Pearls from the EGS Guidelines
Publishing date: October 2020
Pearls Manager: Andrew Tatham
Malignant glaucoma or aqueous misdirection is a rare type of secondary angle closure glaucoma most commonly encountered after filtering surgery, though it can occur spontaneously or following any type of intraocular surgery, particularly in small eyes. Fluid accumulates behind and within the vitreous body leading to angle closure through a posterior pushing mechanism. Medical treatment includes; parasympatholytics (atropine, cyclopentolate), both initially and for long-term pupillary dilation and cycloplegia; aqueous suppressants given orally or topically; and hyperosmotics. Miotics are contraindicated. Surgical options include; iridotomy, YAG laser capsulotomy, cyclodiode laser, pars plana vitrectomy, and in phakic patients, lens extraction.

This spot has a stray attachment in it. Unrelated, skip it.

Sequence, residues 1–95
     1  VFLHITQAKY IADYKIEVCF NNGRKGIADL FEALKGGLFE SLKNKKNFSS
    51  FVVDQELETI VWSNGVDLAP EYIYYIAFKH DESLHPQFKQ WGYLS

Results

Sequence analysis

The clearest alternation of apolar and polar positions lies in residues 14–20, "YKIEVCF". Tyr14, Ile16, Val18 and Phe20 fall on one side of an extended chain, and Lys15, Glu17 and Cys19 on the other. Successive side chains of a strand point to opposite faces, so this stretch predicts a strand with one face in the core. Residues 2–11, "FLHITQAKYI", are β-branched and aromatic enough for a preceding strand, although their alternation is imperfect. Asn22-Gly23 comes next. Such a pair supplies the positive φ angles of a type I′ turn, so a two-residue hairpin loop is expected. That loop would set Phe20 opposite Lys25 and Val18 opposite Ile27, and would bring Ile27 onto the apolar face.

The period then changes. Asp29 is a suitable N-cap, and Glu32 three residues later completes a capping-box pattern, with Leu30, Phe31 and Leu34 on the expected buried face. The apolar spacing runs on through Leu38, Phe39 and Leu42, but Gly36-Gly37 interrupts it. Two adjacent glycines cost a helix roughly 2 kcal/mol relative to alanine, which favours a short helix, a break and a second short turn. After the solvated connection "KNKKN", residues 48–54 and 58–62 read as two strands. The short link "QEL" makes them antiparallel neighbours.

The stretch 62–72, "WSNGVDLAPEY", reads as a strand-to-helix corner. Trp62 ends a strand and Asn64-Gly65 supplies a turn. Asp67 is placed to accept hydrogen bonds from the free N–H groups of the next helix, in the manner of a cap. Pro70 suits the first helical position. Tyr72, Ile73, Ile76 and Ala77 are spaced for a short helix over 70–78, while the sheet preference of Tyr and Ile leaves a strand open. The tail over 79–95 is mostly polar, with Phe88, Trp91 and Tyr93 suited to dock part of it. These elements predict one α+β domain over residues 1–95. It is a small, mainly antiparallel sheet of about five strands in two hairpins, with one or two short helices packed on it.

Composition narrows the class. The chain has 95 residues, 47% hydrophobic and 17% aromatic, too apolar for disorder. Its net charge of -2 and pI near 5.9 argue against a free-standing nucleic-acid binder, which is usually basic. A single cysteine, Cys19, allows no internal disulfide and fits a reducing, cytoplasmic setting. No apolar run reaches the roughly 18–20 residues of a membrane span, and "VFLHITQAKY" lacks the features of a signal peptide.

EGS Guidelines, 4th edition, Page 117.
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2. Quigley HA. Angle-closure glaucoma-simpler answers to complex mechanisms: LXVI Edward Jackson Memorial Lecture. Am J Ophthalmol, 2009: 148:657-669.